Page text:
Republicans question coverage under HealthCare.gov

Lawmakers suggest more US residents will lose insurance coverage than will sign up with the website

About 365,000 U.S. residents have signed up for new health insurance through HealthCare.gov and other means, the U.S. Department of Health and Human Services announced, but Republican lawmakers questioned whether millions of people would lose existing coverage by Jan. 1.

Health coverage enrollment numbers rose significantly in November, HHS Secretary Kathleen Sebelius told a congressional committee Wednesday, but enrollments are running far behind HHS projections made before the flawed Oct. 1 launch of HealthCare.gov.

HHS is seeing "very, very positive trends" with enrollments, Sebelius said during a U.S. House of Representatives Energy and Commerce Committee hearing. "There is tremendous interest," she said. "They're eager for information, and they're desperate, many people are, for affordable coverage that they've never had before in their lives."

Sebelius agreed with lawmakers that the troubled launch of HealthCare.gov has led to a slower-than-expected enrollment pace, with internal projections from September expecting 3.3 million people to enroll in insurance coverage by the end of the year.

Asked if she should have delayed the launch of HealthCare.gov, Sebelius declined to offer a direct answer, but said that in hindsight she would have liked more time for testing the website. The first weeks of HealthCare.gov ended up being "beta testing," she said. "I certainly wish we could've saved millions of people a very frustrating experience, and had a smoother technology launch."

Republican lawmakers questioned whether more U.S. residents would lose coverage than sign up as the Affordable Care Act forces insurance carriers to dump some plans that don't comply with coverage requirements. Throughout the year, President Barack Obama promised that people who liked their current plans could keep them under the law, but Republicans have pointed to estimates that more than 5 million U.S. residents will lose old coverage.

"We are at a point where, come Jan. 1, 2014, millions more people will have lost coverage than signed up because of the health care law," Committee Chairman Fred Upton, a Michigan Republican, said earlier this week. "Of all the Americans who have been affected by the law, the vast majority are now without health coverage this holiday season and worried if they will be able to afford a new plan."

Democrats on the committee disputed the Republican numbers, saying many people are finding better coverage for cheaper prices through the new plans available through the Affordable Care Act. Some Republicans have demanded that their constituents be allowed to keep health insurance that doesn't cover hospitalization, said Representative Frank Pallone, a New Jersey Democrat.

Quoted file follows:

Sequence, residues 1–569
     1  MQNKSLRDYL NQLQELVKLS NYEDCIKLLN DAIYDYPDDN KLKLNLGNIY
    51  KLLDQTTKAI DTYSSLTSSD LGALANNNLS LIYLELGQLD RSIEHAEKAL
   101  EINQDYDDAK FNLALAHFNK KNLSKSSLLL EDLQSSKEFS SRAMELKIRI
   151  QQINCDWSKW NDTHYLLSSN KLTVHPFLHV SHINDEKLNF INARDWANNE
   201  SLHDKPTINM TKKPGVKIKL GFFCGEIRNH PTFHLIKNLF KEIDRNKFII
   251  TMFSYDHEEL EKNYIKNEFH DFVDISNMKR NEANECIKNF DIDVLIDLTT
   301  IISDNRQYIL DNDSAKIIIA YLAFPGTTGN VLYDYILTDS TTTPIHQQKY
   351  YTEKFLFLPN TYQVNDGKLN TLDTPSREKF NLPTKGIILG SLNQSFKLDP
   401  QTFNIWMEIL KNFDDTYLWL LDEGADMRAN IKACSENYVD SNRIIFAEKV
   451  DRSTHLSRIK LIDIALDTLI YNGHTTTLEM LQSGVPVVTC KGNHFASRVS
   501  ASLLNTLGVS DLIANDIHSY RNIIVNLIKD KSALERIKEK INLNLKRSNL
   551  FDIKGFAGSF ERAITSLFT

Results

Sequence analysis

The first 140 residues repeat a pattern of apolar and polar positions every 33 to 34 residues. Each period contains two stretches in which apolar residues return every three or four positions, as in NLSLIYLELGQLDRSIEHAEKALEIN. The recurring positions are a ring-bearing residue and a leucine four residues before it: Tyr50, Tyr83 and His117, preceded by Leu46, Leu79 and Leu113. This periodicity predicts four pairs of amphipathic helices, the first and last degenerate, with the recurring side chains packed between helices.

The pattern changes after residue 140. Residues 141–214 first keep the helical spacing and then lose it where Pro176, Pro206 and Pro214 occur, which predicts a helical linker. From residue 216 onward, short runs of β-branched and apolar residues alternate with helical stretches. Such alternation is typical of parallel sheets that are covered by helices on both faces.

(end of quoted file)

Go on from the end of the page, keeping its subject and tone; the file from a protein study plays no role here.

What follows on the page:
"I think it's absurd to keep arguing over these lousy, skeletal plans," he said.

Several Republican members of the committee also raised concerns that some enrollees wouldn't have the coverage they expect Jan. 1 because HHS is still working on some back-end functionality at HealthCare.gov. Work continues on some functionality, Sebelius said, but she said she's confident coverage will be available Jan. 1.

Through the end of November, nearly 365,000 people enrolled through HealthCare.gov, state insurance websites, call centers and other means, with the number of enrollees in November four times the number in October, HHS said. About 39.1 million people have visited the state and federal sites. The agency didn't break down how many people applied for health insurance through HealthCare.gov.

Since Oct. 1, 1.9 million U.S. residents have completed the coverage eligibility process but have not yet selected an insurance plan, Sebelius said. An additional 800,000 U.S. residents, through their applications, were found eligible for Medicaid or the Children's Health Insurance Program in October and November.

Some lawmakers accused HHS of not giving them the most relevant numbers because many health insurance enrollees have not yet paid the premiums for their new plans. Payments from enrollees aren't due until the end of the month, and HHS doesn't yet have an estimate of the number of people who've paid the premiums, Sebelius said.

At one point in the hearing, Representative Michael Burgess, a Texas Republican and former doctor, suggested enrollees are confused about paying for the plans they've signed up for. Burgess said he was unable make a premium payment through HealthCare.gov.

"You make a payment to an insurance company, you don't pay the federal government," Sebelius said. "You make the payment directly to the insurance."

Burgess asked if HHS will guarantee that enrollees visiting health-care providers in early January will be covered. HHS says people will be covered Jan. 1 if they sign up by Dec. 23, but what if "you never write the check, you never make the payment?" Burgess said.

"Then you're not covered," Sebelius said. "We tell people over and over again they are enrolled when they make a payment. We turn their name over to the insurance company."

Grant Gross covers technology and telecom policy in the U.S. government for The IDG News Service. Follow Grant on Twitter at GrantGross. Grant's email address is grant_gross@idg.com.

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Tags Kathleen SebeliusGovernment use of ITFred UptonFrank PalloneHealthcare.govU.S. Department of Health and Human ServicesU.S. House of Representatives Energy and Commerce Committeehealth careMichael Burgessinternetindustry verticalsgovernment

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